The San Francisco Gay Men’s Chorus announced plans on Thursday to open a national center devoted to LGBTQ arts and culture.
The 42-year-old nonprofit, one of the country's biggest and oldest gay choirs, purchased the $9.6 million, four-story building at 170 Valencia St. from the Baha'i Faith with the help of a $5 million donation from one of its own members, Terrence Chan.
Plans for the new 23,000-square-foot hub include recording, rehearsal, performance, meeting and other facilities for local, regional and national LGBTQ groups.
"Those of us who live in San Francisco are keenly aware of the lack of usable rehearsal space and convening spaces in the city. And when you do find space, rates are usually astronomical, especially for small LGBTQ arts organizations," said San Francisco Gay Men's Chorus executive director Chris Verdugo. "Our intention is to provide affordable space for these community organizations to rehearse, to collaborate, and to incubate new works."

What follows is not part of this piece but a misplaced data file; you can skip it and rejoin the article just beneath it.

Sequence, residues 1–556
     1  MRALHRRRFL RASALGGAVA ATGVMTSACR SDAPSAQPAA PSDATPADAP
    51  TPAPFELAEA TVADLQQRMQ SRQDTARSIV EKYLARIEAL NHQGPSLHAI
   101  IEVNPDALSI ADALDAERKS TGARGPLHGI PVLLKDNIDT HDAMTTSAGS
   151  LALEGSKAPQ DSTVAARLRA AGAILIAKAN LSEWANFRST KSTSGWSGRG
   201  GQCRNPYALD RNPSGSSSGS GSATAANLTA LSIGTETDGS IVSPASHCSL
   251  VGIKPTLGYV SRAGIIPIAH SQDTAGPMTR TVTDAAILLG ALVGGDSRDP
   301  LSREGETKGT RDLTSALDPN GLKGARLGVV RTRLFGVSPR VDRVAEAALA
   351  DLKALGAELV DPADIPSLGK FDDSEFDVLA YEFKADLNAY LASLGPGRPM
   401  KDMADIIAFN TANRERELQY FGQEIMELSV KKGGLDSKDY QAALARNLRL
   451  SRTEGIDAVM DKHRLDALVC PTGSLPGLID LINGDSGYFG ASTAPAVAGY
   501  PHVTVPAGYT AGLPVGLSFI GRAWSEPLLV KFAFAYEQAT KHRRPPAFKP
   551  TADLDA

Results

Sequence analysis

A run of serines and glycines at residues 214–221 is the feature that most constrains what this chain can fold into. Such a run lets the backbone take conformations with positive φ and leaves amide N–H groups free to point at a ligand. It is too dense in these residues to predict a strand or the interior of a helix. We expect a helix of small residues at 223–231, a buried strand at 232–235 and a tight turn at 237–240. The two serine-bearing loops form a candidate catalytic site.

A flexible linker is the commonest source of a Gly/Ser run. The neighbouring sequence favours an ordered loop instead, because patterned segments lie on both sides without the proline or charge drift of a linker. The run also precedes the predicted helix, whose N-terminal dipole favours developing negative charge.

The chorus is billing the new center as the "first-ever national LGBTQ center for the arts." It joins several other LGBTQ-focused spaces in San Francisco, like the SFLGBT Center in the Castro and the Queer Cultural Center (producer of the National Queer Arts Festival) in the Western Addition.